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help with multiplexing/demultiplexing


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dear list,
i have just finished making a touch sensitive keyboard for my electromagnetic instrument, where each of the touch nodes output 5v logic as you touch them.
i need these signals to be sent to another module through a cable, to turn things on/off - so rather than using a bulky 30 wire cable to get the control signals where i need them, i thought the 4067 multiplex breakout from sparkfun might come handy :: https://www.sparkfun.com/products/9056
i understand this mux chip can also serve as a demultiplexer, however i dont quite understand how to pack the button states into a single datastream on the keyboard side, and how to unpack them on the other.
would i be able to use another 4067 chip in reverse? or do i need an arduino to scan through the inputs at high speeds?
here is a diagram of what i need to do:
any thoughts would be greatly appreciated!!
thank you so much
all the best,
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It's been a few years since I've done this sort of thing but I reckon what you really want is a parallel-load shift register at the transmitting end, and a serial-in parallel-out shift register at the receiving end. Data is loaded in parallel at the transmitter in one consecutive 30-bit word and then shifted out one bit at a time in synchronism with a clocking signal. At the receiving end the incoming serial data is shifted into the receiving register in synchronism with the same clock signal and when 30 bits have been received the data is made available as one contiguous byte at the outputs. To read a new word you send a signal to both transmitter and receiver to reset their inputs and start clocking again. Do it fast enough and your ears won't hear the gaps in between each 30-bit transmission.

Have a look at the 74165 as your transmitter and the 74595 as the receiver. They're only 8 bits wide, but you can daisy chain multiple chips together to expand the number of bits you can shift in one hit. You'd need four at each end to cover your 30 on/off signals (4x 8 bits = 32 with two "dead" bits at the end).

Your interconnecting cable would require 3 conductors - the shifter clock, a reset signal to synchronise the two ends and the data conductor. Add another 2 conductors if you're sending power from the receiver box to the transmitter circuitry (external power perhaps?).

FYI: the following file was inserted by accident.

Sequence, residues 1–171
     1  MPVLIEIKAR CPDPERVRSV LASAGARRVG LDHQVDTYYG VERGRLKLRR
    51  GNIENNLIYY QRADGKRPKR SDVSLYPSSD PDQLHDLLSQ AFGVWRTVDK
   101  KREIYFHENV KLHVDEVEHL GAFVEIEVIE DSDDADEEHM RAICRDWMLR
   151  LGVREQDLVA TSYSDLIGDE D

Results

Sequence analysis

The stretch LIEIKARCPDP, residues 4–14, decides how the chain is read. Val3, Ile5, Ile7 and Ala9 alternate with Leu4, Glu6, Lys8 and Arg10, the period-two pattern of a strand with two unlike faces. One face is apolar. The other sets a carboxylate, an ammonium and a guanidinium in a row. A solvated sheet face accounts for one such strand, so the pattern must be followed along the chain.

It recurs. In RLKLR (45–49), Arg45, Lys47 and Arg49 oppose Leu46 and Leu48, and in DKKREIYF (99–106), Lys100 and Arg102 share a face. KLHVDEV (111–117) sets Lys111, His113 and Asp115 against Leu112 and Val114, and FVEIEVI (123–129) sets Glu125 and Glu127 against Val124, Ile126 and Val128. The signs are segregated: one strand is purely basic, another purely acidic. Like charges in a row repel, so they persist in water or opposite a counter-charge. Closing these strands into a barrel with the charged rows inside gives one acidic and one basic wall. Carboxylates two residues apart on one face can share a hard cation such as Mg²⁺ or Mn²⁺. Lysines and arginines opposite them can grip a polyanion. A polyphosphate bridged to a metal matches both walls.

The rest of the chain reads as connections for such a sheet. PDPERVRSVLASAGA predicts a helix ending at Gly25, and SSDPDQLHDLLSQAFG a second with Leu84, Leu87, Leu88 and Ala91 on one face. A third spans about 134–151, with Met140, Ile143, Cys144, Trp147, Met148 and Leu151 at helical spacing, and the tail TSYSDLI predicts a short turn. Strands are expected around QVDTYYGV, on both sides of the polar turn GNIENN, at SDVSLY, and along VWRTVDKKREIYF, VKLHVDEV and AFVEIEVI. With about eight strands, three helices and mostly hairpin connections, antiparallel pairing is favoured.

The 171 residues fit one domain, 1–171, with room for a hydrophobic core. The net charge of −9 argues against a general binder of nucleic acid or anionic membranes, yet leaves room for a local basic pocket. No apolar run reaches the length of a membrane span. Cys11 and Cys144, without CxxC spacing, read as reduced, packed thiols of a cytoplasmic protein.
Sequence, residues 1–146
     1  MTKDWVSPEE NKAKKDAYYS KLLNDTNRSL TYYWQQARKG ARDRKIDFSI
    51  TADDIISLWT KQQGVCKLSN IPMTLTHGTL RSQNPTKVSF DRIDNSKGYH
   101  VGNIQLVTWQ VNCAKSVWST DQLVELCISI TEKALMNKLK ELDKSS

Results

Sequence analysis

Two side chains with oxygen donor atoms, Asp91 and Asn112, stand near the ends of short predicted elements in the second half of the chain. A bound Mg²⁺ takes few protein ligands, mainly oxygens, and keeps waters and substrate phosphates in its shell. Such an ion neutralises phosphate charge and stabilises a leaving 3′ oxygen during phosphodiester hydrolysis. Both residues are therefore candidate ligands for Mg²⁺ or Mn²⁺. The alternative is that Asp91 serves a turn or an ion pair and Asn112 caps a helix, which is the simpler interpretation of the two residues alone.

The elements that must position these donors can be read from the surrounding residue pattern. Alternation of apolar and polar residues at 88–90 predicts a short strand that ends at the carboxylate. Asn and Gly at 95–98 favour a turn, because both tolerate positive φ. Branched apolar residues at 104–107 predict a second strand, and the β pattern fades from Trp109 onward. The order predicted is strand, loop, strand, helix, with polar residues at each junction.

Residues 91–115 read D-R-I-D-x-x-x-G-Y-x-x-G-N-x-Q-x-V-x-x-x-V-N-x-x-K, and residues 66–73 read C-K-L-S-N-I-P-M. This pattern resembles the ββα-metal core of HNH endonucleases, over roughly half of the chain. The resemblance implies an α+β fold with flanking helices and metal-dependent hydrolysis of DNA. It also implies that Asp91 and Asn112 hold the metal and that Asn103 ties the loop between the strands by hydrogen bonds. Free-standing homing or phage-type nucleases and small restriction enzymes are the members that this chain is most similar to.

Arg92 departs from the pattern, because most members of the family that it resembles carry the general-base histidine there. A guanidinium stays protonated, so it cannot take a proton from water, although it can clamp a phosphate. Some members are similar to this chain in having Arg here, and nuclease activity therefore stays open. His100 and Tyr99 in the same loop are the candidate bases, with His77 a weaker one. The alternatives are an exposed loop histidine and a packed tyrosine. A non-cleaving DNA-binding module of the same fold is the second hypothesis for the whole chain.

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There's a clear representation of the system that Curtisa describes here:


Replace that 6522 VIA with a simple oscillator (Google "simple ttl oscillator" - there's endless choice) driving a decoded counter to drive the LOAD and CLOCK lines. Use the raw oscillator signal as your CLOCK line for the counter and for the CLOCK inputs of all the shift register chips.

The counter circuit works like this:

We ignore all counter outputs except for bit 6 (Weight=32) and bit 1 (Weight=1).

We derive two signals from the counter:

Use the Counter's bit 6 as the Load/Shift signal.

Logically AND counter bits 1 and 6 to generate a counter reset pulse.


During states 0-31...

Permit one-bit-per-state data transfer across during states 0-31 (That includes the 2 unused bits)

On state 32...

Handily, the counter outputs xx100000 - use the Counter's bit 6 as the Load/Shift signal.

This will need inverted to drive the '165s, but can be applied directly to the '595s.

This will simultaneously LOAD the Input State (Key-side '165s) AND transfer the JUST-FRESHLY-SHIFTED bits to the output pins of the '595s.

On state 33...

RESET the counter.

The counter outputs xx100001, so logical AND counter bits 1 and 6 to generate a counter reset pulse on reaching state 33. This signal may need inverted, depending on the polarity of your counter's RESET line.

With the counter reset to xx000000, the cycle starts again from state 0.

The speed of the clock oscillator is up to you.

To avoid logic-defying mystery faults...

Use one 100n supply-decoupling capacitor for each chip, mounted physically close to each chip's positive supply pin.

Edited by elmo7sharp9
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